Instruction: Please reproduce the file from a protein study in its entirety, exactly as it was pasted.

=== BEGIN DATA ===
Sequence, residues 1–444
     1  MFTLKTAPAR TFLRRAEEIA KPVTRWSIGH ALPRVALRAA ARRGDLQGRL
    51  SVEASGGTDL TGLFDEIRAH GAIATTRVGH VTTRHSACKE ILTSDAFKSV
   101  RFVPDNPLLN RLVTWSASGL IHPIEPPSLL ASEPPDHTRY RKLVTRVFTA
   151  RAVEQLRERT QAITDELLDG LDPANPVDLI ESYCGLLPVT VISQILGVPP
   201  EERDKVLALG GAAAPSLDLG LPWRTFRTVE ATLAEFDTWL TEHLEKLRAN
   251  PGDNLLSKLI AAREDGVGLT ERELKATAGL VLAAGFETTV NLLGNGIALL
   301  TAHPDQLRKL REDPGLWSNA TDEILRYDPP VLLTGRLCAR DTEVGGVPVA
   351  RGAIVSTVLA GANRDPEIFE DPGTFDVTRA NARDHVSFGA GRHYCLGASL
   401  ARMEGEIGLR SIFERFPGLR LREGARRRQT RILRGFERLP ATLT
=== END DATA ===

Sequence, residues 1–444
     1  MFTLKTAPAR TFLRRAEEIA KPVTRWSIGH ALPRVALRAA ARRGDLQGRL
    51  SVEASGGTDL TGLFDEIRAH GAIATTRVGH VTTRHSACKE ILTSDAFKSV
   101  RFVPDNPLLN RLVTWSASGL IHPIEPPSLL ASEPPDHTRY RKLVTRVFTA
   151  RAVEQLRERT QAITDELLDG LDPANPVDLI ESYCGLLPVT VISQILGVPP
   201  EERDKVLALG GAAAPSLDLG LPWRTFRTVE ATLAEFDTWL TEHLEKLRAN
   251  PGDNLLSKLI AAREDGVGLT ERELKATAGL VLAAGFETTV NLLGNGIALL
   301  TAHPDQLRKL REDPGLWSNA TDEILRYDPP VLLTGRLCAR DTEVGGVPVA
   351  RGAIVSTVLA GANRDPEIFE DPGTFDVTRA NARDHVSFGA GRHYCLGASL
   401  ARMEGEIGLR SIFERFPGLR LREGARRRQT RILRGFERLP ATLT